Soloists enjoy back-and-forth melodies during Mozart’s Sinfonia Concertante
Think of your favorite buddy flick with a cast of three or four hapless dudes. This year it was "Wild Hogs." A few years ago it was "City Slickers." In the '80s it was "The Three Amigos." You know the genre: Middle-age men go off on an adventure and come back transformed.
Honolulu Symphony, conducted by Heiishiro Ohyama:
» In concert: 8 p.m. Saturday and 4 p.m. Sunday
» Place: Hawaii Theatre
» Tickets: $22 to $75; $10 students and as many as two accompanying adults
» Call: 528-0506 or visit hawaiitheatre.com
That's the closest analogy I have to describe Mozart's Sinfonia Concertante for Oboe, Clarinet, Bassoon, Horn and Orchestra, which the Honolulu Symphony will perform this weekend. In our case, the "Four Amigos" are our principal wind players: J. Scott Janusch on oboe, Scott Anderson on clarinet, Wade Butin on horn and myself on bassoon.
Each solo instrument has its moment in the sun, tossing around melodic ideas like players on a basketball team. If you're itching to hear beautiful woodwind playing, this is the concert for you.
Not to be confused with the "other" Mozart Sinfonia Concertante for Violin and Viola, in the same key of E-flat major, our work is one of the most popular pieces in the orchestral repertoire. There were more than eight performances of the piece this summer in the United States alone. In June the Philadelphia Orchestra played it 10 times as it toured the country.
There is some question as to whether the work is actually by Mozart. The doubt is evident in its catalog number: "K(3) 297b (K. Anh. C 14.01) (spurious)." Let me explain what that means. Although Mozart was only 35 when he died, he wrote an amazing amount of music. The first catalog of his works was compiled by a man named Köchel. That's the K in the number. As works by Mozart were discovered, additions to the catalog were drafted: eight revisions, or "Anhang," in all. That's the "Anh" and explains the two sets of catalog numbers. "Spurious" means musicologists have reason to suspect that the work is not genuine.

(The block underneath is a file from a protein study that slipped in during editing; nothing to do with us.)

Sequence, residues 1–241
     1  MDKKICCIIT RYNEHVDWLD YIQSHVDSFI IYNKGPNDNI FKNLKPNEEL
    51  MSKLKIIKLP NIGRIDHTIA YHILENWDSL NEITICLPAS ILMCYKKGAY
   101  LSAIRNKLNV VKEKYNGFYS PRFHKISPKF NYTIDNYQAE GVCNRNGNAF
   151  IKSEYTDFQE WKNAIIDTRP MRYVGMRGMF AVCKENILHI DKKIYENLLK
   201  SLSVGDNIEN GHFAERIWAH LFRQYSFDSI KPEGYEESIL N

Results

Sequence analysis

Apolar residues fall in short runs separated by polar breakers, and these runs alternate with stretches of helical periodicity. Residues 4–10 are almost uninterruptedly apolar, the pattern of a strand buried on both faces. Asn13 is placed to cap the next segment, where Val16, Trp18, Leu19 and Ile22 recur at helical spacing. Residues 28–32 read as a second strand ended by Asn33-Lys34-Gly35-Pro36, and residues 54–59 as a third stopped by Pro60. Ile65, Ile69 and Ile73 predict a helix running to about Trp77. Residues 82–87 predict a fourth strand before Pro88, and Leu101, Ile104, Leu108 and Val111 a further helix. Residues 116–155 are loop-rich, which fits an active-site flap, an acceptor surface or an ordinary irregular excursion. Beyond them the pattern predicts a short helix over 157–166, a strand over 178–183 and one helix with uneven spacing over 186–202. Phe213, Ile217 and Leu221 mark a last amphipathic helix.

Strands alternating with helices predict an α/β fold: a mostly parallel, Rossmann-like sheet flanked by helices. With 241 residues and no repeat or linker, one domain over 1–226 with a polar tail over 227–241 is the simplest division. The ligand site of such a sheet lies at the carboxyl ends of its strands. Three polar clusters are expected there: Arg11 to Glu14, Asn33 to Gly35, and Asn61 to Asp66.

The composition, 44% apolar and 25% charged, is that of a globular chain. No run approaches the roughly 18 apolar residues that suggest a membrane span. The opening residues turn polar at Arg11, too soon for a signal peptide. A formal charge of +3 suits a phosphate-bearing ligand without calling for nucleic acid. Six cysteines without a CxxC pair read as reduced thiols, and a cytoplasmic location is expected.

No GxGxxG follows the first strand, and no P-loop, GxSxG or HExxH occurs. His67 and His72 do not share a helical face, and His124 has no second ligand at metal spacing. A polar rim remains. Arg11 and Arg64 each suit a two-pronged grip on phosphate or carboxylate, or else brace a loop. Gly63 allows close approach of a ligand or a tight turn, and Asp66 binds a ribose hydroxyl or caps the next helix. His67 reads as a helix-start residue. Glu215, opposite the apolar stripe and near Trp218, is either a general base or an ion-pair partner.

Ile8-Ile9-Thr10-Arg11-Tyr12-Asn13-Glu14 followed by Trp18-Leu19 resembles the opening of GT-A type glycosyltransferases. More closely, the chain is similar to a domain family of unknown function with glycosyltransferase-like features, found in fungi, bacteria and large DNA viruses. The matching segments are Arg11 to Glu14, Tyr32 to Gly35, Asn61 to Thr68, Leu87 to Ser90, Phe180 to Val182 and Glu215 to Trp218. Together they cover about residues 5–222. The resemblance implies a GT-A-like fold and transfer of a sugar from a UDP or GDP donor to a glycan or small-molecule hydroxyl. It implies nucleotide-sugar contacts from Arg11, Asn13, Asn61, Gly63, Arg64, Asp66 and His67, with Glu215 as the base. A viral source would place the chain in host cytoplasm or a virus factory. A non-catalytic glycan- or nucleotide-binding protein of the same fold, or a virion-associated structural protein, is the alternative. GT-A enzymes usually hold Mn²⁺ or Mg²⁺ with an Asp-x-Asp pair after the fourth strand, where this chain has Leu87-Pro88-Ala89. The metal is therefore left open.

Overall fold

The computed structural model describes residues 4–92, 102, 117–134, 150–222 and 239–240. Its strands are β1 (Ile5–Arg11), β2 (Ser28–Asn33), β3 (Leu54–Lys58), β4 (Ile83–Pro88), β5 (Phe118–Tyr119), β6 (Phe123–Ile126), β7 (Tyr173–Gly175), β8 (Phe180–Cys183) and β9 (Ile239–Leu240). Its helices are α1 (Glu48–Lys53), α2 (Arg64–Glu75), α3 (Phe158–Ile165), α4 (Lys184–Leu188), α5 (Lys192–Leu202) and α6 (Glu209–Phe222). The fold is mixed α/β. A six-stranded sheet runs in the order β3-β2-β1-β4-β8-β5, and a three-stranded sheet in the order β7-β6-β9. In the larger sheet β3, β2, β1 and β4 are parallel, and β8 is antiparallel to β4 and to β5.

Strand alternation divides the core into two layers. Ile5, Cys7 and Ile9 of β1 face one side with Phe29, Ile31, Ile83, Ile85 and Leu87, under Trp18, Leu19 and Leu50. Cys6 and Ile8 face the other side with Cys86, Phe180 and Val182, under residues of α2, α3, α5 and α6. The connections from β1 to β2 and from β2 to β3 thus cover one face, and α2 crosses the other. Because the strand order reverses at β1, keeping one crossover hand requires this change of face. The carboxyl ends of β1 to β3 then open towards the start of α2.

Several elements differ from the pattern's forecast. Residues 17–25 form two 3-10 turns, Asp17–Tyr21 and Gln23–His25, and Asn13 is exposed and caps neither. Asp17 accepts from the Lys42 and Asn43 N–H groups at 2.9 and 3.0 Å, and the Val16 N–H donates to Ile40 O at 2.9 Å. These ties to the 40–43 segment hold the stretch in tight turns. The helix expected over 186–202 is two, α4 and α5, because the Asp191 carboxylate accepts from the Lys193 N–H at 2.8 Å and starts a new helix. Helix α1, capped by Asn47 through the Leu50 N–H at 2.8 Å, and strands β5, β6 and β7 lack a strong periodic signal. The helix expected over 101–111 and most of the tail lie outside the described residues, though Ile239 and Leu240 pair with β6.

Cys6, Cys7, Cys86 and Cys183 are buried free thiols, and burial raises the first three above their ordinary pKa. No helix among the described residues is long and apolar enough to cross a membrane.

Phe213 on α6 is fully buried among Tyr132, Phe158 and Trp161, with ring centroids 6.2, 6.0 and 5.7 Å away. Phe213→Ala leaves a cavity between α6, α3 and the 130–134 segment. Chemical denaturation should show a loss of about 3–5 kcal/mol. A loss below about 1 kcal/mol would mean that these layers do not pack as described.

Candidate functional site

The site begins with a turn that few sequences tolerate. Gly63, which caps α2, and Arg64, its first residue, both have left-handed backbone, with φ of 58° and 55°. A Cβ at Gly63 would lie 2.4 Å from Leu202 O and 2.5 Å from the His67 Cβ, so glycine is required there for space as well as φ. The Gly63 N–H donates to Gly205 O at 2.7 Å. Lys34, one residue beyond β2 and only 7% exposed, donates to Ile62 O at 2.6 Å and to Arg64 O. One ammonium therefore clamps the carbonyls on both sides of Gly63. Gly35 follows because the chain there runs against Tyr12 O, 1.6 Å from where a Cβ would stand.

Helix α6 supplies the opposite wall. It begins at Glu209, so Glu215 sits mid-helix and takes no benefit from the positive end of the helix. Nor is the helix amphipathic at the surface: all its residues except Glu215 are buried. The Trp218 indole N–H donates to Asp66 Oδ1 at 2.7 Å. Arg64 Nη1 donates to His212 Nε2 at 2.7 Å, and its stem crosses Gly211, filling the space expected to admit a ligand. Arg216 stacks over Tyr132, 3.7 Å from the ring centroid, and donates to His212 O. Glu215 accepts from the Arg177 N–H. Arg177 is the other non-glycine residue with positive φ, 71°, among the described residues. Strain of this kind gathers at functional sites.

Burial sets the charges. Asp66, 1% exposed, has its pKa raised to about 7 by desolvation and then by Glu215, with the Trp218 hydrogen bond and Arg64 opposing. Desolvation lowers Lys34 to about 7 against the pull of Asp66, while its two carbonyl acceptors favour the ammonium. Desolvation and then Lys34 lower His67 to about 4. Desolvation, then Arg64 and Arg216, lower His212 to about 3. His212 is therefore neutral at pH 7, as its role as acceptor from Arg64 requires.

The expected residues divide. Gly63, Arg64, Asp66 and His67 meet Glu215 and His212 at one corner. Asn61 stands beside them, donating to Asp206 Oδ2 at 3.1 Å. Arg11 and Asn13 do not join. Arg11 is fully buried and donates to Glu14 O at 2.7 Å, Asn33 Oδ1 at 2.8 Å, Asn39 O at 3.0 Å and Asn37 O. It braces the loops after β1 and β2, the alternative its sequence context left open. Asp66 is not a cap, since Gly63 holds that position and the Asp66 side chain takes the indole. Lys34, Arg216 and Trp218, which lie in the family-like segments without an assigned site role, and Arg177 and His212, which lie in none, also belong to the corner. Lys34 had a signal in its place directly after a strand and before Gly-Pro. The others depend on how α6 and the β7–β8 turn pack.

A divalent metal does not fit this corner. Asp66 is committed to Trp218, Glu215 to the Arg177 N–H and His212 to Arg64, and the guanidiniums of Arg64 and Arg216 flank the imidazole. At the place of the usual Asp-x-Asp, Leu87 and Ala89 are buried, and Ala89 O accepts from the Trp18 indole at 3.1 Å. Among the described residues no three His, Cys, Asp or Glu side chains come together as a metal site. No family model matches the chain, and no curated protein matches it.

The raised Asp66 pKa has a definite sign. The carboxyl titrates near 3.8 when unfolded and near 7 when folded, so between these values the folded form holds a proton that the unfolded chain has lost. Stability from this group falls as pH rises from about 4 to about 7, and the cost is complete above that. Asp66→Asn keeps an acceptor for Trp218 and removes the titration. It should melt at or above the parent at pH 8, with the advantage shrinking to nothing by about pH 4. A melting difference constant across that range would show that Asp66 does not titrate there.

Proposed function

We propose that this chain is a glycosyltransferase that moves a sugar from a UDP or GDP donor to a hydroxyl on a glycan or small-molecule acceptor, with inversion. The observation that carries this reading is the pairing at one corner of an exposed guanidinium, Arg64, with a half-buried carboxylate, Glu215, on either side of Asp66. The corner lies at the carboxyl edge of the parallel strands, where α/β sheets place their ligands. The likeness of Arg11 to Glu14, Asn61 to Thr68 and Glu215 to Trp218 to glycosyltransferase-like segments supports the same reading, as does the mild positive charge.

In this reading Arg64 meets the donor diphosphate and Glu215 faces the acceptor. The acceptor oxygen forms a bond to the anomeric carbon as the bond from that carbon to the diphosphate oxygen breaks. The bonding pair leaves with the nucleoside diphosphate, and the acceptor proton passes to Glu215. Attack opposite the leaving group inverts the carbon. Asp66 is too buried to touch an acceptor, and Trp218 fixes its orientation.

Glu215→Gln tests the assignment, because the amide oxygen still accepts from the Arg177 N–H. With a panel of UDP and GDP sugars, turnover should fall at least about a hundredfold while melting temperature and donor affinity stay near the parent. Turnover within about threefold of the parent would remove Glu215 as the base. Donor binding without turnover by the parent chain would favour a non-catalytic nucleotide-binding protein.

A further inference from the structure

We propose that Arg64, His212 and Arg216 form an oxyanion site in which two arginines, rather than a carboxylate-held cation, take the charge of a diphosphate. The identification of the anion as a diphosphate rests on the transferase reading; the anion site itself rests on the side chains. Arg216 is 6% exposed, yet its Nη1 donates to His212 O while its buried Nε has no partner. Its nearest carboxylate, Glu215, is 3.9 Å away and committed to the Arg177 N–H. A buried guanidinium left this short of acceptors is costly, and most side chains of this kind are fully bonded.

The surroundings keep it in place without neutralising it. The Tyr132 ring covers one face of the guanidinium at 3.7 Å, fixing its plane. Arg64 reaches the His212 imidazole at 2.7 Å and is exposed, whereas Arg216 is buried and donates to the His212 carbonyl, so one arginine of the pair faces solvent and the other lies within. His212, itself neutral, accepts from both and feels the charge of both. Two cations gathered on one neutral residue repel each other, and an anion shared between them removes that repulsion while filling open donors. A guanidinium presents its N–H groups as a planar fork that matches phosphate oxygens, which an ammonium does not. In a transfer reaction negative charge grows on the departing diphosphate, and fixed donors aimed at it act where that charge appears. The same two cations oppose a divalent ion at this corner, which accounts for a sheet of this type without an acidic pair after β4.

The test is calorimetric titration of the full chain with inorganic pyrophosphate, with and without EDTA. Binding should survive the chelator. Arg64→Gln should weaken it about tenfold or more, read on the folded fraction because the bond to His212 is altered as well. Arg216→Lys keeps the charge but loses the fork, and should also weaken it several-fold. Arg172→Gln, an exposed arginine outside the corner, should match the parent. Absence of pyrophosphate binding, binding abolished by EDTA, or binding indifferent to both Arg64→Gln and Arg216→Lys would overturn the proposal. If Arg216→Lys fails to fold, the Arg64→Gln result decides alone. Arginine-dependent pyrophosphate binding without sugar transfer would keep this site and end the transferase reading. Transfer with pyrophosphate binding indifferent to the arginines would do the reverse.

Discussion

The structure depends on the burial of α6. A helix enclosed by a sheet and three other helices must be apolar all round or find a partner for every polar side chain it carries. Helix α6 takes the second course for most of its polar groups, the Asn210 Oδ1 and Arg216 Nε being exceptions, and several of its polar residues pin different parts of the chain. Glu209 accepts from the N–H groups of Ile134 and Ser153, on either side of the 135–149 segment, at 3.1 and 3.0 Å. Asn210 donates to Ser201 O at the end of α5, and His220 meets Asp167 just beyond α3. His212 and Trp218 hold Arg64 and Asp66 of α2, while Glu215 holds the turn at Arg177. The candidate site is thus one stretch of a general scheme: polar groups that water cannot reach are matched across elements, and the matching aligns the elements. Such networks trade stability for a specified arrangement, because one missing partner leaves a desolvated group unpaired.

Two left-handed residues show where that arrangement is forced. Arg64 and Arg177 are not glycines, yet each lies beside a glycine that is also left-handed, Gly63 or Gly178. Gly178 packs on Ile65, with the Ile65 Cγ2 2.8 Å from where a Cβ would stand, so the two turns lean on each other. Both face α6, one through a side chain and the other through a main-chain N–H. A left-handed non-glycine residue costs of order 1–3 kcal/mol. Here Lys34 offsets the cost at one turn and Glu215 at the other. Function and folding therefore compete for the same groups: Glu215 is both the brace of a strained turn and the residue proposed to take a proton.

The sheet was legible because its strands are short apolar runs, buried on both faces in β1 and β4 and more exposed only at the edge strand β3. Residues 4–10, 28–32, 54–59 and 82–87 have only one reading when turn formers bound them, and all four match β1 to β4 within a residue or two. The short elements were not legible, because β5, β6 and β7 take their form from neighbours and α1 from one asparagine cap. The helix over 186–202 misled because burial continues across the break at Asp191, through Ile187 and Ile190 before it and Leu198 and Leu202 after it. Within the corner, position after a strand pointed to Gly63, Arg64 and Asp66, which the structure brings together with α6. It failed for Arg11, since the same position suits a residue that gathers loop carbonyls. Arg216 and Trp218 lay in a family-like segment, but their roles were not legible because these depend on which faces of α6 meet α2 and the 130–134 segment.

Mozart wrote the Sinfonia Concertante in 1778 while in Paris trying to drum up commissions. The solo instruments at the time featured flute instead of clarinet, as this was the instrumentation of the group that commissioned the work. The original manuscript vanished in what Mozart considered to be a plot against him. We know this because of a letter that Mozart sent to his father, lamenting the loss of his music but claiming he could write another copy. The version we'll perform this weekend is based on a copy found a century later.
Experts don't question the orchestral music as authentically Mozart; the doubt is about the solo parts. Mozart was famously not fond of the flute, so replacing it with the clarinet -- a new instrument in his day -- is a likely development but cannot be proved due to lack of an original manuscript.
In this day of photocopies and hard drives, it's easy to forget how fragile the link to the past can be. Mozart was known to have written four bassoon concertos, but only one survives. Bassoonists hope that the missing concertos will be found in an attic someday!
Whether you're a fan of Mozart, have a craving for the sounds of woodwinds or simply love the key of E-flat major, be sure to join us this weekend.